Myanmar’s democracy champion Aung San Suu Kyi yesterday said she was “encouraged” by her first meeting with the country’s new nominally civilian president.
In her first comments on Friday’s discussions with Myanmar President Thein Sein, a former general, the Nobel laureate said that the one-hour meeting in the capital Naypyidaw had gone well.
“I am glad to see him and I am encouraged,” she told reporters.
The talks, a rare encounter between Aung San Suu Kyi and one of the members of the junta who kept her locked up for much of the past two decades, are the latest example of contacts between the government and its most renowned critic.
It was the democracy icon’s first visit to Naypyidaw, at the invitation of the regime, which came to power in March after a widely condemned election marred by the absence of Aung San Suu Kyi and her party.
A government official, who asked not to be named, said the meeting was “quite good and quite open,” without giving details of the nature of discussions, which were held behind closed doors.
Government mouthpiece the New Light of Myanmar said both sides sought “potential common grounds to cooperate in the interests of the nation and the people putting aside different views” in a short item on the talks.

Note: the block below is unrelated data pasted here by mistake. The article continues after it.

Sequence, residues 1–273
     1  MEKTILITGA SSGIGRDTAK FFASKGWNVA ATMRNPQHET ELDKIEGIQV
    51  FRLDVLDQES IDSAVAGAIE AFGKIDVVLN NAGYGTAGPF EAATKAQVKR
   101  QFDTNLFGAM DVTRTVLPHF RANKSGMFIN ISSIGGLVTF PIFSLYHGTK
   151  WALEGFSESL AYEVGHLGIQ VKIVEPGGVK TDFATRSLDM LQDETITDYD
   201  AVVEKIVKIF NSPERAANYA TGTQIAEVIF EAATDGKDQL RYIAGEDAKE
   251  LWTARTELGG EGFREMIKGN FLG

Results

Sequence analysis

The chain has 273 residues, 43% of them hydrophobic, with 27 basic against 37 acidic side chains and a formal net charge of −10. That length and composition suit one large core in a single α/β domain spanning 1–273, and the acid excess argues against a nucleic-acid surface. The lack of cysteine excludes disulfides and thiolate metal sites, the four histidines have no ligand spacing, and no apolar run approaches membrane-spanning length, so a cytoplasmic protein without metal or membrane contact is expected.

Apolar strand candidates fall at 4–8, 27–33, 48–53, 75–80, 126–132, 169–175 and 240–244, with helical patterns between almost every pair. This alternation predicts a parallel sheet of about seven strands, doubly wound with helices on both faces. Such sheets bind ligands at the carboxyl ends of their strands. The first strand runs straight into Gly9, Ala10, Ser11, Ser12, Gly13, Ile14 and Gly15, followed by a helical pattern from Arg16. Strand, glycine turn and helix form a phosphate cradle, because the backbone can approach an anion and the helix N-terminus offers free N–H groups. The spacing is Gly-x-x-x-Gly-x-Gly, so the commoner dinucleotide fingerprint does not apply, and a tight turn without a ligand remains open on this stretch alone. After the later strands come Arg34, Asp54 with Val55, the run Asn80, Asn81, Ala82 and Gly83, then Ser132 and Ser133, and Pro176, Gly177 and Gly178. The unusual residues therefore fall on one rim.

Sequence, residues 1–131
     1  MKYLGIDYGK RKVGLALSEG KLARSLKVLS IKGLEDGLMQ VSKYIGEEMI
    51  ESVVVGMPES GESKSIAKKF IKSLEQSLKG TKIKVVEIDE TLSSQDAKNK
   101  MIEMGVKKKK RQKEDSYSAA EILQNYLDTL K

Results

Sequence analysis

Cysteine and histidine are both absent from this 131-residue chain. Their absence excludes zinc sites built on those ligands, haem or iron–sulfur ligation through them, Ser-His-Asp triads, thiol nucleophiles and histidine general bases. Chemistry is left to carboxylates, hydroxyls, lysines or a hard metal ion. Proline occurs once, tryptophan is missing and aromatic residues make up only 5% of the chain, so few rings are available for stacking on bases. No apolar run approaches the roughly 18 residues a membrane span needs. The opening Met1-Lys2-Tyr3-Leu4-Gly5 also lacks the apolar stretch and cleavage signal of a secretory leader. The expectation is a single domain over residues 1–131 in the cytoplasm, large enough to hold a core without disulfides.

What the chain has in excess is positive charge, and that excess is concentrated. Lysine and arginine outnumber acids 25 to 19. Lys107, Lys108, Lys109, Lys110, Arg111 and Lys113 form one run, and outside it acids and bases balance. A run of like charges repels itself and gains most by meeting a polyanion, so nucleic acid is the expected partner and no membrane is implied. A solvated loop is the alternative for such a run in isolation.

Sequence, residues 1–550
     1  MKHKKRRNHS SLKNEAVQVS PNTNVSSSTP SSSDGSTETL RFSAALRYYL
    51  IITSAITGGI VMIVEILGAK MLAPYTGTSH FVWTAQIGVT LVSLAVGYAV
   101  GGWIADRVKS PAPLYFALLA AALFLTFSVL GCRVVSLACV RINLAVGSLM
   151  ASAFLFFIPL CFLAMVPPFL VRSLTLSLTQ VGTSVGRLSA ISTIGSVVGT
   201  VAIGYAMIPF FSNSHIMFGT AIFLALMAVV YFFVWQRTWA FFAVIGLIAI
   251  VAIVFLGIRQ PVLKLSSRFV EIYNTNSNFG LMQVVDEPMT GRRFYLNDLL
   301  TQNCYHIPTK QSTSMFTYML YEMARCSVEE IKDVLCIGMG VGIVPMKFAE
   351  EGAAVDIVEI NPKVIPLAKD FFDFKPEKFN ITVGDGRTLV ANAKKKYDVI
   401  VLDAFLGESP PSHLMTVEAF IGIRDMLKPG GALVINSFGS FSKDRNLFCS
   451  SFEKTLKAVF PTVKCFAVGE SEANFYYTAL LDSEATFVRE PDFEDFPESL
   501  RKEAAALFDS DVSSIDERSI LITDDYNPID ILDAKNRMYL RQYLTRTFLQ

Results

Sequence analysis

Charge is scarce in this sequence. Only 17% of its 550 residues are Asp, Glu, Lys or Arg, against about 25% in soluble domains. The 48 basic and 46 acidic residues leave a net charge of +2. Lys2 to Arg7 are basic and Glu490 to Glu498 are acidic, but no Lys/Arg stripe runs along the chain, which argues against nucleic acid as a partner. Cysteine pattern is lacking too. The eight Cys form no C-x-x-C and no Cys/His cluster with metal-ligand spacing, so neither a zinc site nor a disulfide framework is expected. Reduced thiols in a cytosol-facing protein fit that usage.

The newspaper published a picture of Aung San Suu Kyi with Thein Sein at the presidential residence.
Aung San Suu Kyi remained in Naypyidaw overnight and attended a forum on the nation’s economy yesterday morning. A reporter at the event said the 66-year-old appeared relaxed and cheerful and spoke with senior government officials and ministers.
Aung San Suu Kyi was told in June to stay out of politics and warned that a political tour could spark chaos and riots.
However, Myanmar’s government, led by Thein Sein, a former general and junta prime minister, has since appeared to want to soften its image.
In recent weeks, Aung San Suu Kyi has held two rounds of talks with Myanmar Minister of Labour Aung Kyi in Yangon and has written an open letter offering to aid ceasefire talks between the military and ethnic rebels.
Last Sunday, the daughter of Myanmar’s liberation hero General Aung San traveled unhindered on her first overtly political trip outside her home city since being released from detention, addressing thousands of supporters.
Myanmar’s elections in November last year followed nearly half a century of military rule.
Aung Kyi’s National League for Democracy (NLD) boycotted the poll because of rules seemingly designed to exclude the democracy icon and was stripped of its status as a political party as a result.
The NLD won a 1990 vote by a landslide, but was never allowed by the junta to take power.